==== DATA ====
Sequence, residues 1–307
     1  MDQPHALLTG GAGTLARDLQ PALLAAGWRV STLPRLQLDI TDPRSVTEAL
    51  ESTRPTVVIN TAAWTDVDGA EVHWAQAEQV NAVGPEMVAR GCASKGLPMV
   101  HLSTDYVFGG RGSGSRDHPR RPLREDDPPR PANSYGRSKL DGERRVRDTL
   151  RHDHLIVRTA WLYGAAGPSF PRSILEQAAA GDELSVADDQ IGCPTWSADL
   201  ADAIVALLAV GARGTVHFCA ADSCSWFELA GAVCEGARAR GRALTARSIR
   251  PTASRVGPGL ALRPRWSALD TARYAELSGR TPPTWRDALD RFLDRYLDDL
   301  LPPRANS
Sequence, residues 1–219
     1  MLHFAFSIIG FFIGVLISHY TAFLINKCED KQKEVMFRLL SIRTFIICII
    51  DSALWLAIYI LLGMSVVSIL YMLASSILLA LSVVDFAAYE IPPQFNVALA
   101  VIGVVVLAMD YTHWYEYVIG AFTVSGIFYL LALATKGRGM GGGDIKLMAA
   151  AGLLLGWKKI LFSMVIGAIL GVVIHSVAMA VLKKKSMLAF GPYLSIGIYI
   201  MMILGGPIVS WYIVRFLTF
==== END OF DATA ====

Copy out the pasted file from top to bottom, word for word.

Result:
Sequence, residues 1–307
     1  MDQPHALLTG GAGTLARDLQ PALLAAGWRV STLPRLQLDI TDPRSVTEAL
    51  ESTRPTVVIN TAAWTDVDGA EVHWAQAEQV NAVGPEMVAR GCASKGLPMV
   101  HLSTDYVFGG RGSGSRDHPR RPLREDDPPR PANSYGRSKL DGERRVRDTL
   151  RHDHLIVRTA WLYGAAGPSF PRSILEQAAA GDELSVADDQ IGCPTWSADL
   201  ADAIVALLAV GARGTVHFCA ADSCSWFELA GAVCEGARAR GRALTARSIR
   251  PTASRVGPGL ALRPRWSALD TARYAELSGR TPPTWRDALD RFLDRYLDDL
   301  LPPRANS
Sequence, residues 1–219
     1  MLHFAFSIIG FFIGVLISHY TAFLINKCED KQKEVMFRLL SIRTFIICII
    51  DSALWLAIYI LLGMSVVSIL YMLASSILLA LSVVDFAAYE IPPQFNVALA
   101  VIGVVVLAMD YTHWYEYVIG AFTVSGIFYL LALATKGRGM GGGDIKLMAA
   151  AGLLLGWKKI LFSMVIGAIL GVVIHSVAMA VLKKKSMLAF GPYLSIGIYI
   201  MMILGGPIVS WYIVRFLTF